Males in many non-monogamous species have larger ranges than females do, a sex difference that has been well documented for decades and seems to be an aspect of male mating competition. Until recently, parallel data for humans have been mostly anecdotal and qualitative, but this is now changing as human behavioral ecologists turn their attention to matters of individual mobility. Sex differences in spatial cognition were among the first accepted psychological sex differences and, like differences in ranging behavior, are documented for a growing set of species. This special issue is dedicated to exploring the possible adaptive links between these cognitive and ranging traits. Multiple hypotheses, at various levels of analysis, are considered. At the functional (ultimate) level, a mating-competition hypothesis suggests that range expansion may augment mating opportunities, and a fertility-and-parental-care hypothesis suggests that range contraction may facilitate offspring provisioning. At a more mechanistic (proximate) level, differences in cue availability may support or inhibit particular sex-specific navigation strategies, and spatial anxiety may usefully inhibit travel that would not justify its costs. Studies in four different cultures—Twe, Tsimane, Yucatec Maya, and Faroese—as well as an experimental study using virtual reality tools are the venue for testing these hypotheses. Our hope is to stimulate more research on the evolutionary and developmental processes responsible for this suite of linked behavioral and cognitive traits.
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Using published data from 11 species, Clint et al. (2012) undertook a cross-species test of the hypothesized relationship between mobility and spatial ability and claimed to find no relationship. Of course the power of this test was low, but more importantly, 4 of the 11 cases—all high-leverage data points (see their Fig. 2b)—may be misinterpreted. These 4 cases are briefly discussed below.
Two species (feral horses and rhesus macaques) are alleged to undermine the hypothesis because they show sex differences in spatial ability but lack sex differences in home range size. It is true that social groups move as units so that there will never be sex differences in range size within a social group. But to take the hypothesis seriously one must ask whether one sex travels farther in the formation of these groups. Rhesus macaque females very rarely leave their natal groups, but males emigrate from their natal groups shortly before puberty and may continue to change groups throughout their lives in search of mating opportunities (Melnick et al. 1984a, b). In horses, both sexes disperse from the natal group, but males actively seek and herd females to form harems (Cameron et al. 2009; Kaseda et al. 1997; Linklater et al. 1999), though a quantitative assessment of lifetime ranges is not currently available. Of these two cases, then, macaques actually support the range-size hypothesis and horses are at worst inconclusive.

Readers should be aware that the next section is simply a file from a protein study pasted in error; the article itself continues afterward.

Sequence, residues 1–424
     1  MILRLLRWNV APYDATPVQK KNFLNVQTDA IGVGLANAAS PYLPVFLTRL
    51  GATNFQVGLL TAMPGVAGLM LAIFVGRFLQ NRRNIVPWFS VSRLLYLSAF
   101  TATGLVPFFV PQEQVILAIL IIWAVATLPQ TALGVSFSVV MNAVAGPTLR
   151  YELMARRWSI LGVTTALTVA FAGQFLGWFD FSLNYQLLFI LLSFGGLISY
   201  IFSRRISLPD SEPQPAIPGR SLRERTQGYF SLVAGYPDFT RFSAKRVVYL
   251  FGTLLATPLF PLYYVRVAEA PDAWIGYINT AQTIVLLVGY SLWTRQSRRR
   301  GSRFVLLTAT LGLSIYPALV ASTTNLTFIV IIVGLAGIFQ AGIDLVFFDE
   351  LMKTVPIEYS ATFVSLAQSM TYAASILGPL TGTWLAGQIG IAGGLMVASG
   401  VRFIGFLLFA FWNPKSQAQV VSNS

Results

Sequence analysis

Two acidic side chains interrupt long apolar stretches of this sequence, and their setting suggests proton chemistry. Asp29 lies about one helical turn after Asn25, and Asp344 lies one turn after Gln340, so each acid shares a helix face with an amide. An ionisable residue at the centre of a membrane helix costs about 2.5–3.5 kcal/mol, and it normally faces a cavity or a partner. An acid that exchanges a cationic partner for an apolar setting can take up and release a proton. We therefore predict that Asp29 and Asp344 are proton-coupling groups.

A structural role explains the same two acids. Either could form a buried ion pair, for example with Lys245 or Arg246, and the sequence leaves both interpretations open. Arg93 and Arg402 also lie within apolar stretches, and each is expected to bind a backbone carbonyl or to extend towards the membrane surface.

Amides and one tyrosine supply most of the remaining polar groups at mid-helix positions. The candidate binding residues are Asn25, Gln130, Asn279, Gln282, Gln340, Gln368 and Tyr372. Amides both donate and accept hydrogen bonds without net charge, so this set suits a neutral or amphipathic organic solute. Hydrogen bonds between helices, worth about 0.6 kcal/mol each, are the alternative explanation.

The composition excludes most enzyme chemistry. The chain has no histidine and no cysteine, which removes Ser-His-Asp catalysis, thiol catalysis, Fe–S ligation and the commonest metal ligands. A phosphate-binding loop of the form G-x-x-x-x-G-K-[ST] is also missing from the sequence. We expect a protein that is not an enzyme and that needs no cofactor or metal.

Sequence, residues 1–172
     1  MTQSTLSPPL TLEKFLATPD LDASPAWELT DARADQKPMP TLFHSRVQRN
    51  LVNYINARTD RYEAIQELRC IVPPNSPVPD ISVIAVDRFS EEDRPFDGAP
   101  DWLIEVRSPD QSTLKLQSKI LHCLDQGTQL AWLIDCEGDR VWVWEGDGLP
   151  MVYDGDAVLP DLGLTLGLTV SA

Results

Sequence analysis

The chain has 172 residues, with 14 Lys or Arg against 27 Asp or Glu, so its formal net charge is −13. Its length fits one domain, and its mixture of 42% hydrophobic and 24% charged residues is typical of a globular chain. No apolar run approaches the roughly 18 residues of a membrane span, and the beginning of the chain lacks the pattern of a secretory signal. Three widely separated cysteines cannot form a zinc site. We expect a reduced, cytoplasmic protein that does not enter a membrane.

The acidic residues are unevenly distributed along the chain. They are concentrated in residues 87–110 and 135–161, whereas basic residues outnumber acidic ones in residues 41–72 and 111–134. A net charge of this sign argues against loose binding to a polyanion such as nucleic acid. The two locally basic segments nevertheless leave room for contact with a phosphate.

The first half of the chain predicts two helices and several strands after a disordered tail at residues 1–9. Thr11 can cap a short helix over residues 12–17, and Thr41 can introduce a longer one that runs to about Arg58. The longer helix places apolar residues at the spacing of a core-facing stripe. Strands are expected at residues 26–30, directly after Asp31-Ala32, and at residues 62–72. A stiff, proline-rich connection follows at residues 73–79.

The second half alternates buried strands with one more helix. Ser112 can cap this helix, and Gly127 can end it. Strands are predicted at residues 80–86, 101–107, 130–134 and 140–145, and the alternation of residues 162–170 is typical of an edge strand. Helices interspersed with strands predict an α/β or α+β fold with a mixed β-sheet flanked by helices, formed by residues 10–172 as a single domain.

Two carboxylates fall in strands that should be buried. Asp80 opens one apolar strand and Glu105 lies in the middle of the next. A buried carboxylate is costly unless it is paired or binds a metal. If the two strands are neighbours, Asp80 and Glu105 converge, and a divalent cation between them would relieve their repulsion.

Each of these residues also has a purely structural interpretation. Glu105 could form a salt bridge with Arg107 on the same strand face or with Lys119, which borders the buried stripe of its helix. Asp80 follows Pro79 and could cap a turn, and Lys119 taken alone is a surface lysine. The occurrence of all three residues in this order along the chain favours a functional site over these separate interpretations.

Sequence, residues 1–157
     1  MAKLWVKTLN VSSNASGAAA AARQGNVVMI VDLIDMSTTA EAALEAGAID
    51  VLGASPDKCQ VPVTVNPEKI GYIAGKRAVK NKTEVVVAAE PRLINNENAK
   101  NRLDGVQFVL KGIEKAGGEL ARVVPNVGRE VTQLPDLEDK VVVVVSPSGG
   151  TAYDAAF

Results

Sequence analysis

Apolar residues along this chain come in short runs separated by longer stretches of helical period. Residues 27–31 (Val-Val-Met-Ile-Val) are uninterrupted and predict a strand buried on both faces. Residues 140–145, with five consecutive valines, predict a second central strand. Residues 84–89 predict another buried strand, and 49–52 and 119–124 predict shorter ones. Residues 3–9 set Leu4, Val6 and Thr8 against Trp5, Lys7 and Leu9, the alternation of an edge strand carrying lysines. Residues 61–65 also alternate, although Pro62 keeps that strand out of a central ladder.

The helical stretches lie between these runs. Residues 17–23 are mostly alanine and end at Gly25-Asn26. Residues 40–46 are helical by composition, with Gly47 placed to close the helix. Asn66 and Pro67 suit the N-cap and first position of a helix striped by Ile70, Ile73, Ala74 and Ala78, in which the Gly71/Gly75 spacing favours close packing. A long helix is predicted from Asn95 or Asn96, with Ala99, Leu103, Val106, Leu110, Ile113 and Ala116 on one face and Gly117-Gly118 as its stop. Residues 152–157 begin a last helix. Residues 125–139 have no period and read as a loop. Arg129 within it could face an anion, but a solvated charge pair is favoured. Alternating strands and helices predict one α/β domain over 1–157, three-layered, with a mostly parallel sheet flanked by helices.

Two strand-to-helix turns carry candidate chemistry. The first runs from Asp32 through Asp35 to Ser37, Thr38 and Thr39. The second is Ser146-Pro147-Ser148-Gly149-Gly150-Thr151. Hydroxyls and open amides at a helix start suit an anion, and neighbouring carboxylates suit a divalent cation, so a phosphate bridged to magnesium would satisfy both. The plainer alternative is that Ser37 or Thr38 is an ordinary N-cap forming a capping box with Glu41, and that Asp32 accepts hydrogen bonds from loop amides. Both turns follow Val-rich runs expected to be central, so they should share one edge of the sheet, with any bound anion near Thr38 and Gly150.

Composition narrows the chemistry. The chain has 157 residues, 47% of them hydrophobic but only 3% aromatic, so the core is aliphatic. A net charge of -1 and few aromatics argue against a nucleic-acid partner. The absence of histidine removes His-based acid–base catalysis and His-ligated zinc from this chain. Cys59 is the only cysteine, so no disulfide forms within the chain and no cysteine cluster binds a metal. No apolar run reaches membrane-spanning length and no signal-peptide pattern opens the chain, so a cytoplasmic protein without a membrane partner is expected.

Two more species—the cuttlefish (Sepia officinalis) and a tucu-tucu (Ctenomys talarum)—supposedly undermine the hypothesis from the other side, showing sex differences in ranging behavior but lacking sex differences in spatial ability. Regarding the first of these species Clint et al. cite an article by Jozet-Alves et al. (2008) with the title “Sex Differences in Spatial Cognition in an Invertebrate: The Cuttlefish” in which the authors conclude: “Our data are consistent with the predictions of the range size hypothesis (Gaulin and FitzGerald 1986, 1989): a difference in range expansion between males and females is associated with a difference in spatial learning abilities” (Jozet-Alves et al. 2008:2052). Regarding the second, the cited source (Mastrangelo et al. 2010) explicitly notes that spatial ability was assessed outside the breeding season. That renders these data irrelevant since, even in species well documented to show the predicted range size-spatial ability relationship, sex differences in both range size and spatial ability disappear outside the breeding season (Galea et al. 1994, 1996; Gaulin and FitzGerald 1988). Thus, of this second pair of species, one species supports rather than undermines the hypothesized relationship between mobility and spatial ability. For the other species the data are inconclusive and should not have been construed as relevant evidence.
Without these four species (or with rhesus macaques and cuttlefish properly placed), their Fig. 2b shows the expected positive relationship between range size and spatial ability, and this relationship would have been even stronger had Clint et al. cited an article by Perdue et al. (2011), who explicitly tested the range-size hypothesis and also found the expected relationship using data on two other, closely related carnivore species.
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Cashdan, E., Gaulin, S.J.C. Why Go There? Evolution of Mobility and Spatial Cognition in Women and Men. Hum Nat 27, 1–15 (2016). https://doi.org/10.1007/s12110-015-9253-4
- Spatial cognition
- Mating strategies
- Parenting strategies